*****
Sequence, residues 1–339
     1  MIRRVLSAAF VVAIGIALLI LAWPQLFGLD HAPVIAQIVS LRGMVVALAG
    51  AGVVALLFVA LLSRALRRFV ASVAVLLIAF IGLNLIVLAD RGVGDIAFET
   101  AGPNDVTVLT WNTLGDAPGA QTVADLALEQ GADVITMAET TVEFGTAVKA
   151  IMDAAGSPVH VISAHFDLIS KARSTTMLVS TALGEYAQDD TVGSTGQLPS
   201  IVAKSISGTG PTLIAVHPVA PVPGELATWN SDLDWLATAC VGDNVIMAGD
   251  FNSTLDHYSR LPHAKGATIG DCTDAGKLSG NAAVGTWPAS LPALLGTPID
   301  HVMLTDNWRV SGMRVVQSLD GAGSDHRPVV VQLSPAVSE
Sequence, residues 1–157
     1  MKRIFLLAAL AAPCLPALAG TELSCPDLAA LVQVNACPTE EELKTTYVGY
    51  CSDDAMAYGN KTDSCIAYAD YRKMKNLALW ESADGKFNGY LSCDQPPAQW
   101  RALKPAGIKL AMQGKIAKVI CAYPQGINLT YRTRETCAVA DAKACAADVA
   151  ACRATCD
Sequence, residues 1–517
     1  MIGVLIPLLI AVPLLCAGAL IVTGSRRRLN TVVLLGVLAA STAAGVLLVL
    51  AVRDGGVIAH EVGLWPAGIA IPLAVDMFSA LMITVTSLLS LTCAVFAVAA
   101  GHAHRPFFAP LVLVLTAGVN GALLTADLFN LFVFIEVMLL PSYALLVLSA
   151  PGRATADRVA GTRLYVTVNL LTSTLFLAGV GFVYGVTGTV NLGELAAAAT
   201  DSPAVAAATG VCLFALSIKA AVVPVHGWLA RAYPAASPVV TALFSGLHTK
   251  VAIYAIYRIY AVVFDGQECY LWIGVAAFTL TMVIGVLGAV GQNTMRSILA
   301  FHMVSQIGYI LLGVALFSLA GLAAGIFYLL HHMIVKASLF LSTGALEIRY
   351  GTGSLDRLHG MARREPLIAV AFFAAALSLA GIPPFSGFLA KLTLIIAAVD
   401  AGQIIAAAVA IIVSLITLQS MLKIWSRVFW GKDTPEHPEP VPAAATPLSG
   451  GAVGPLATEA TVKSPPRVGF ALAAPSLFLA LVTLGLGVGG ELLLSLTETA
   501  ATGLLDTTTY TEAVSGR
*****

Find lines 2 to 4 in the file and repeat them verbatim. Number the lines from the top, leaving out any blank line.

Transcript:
     1  MIRRVLSAAF VVAIGIALLI LAWPQLFGLD HAPVIAQIVS LRGMVVALAG
    51  AGVVALLFVA LLSRALRRFV ASVAVLLIAF IGLNLIVLAD RGVGDIAFET
   101  AGPNDVTVLT WNTLGDAPGA QTVADLALEQ GADVITMAET TVEFGTAVKA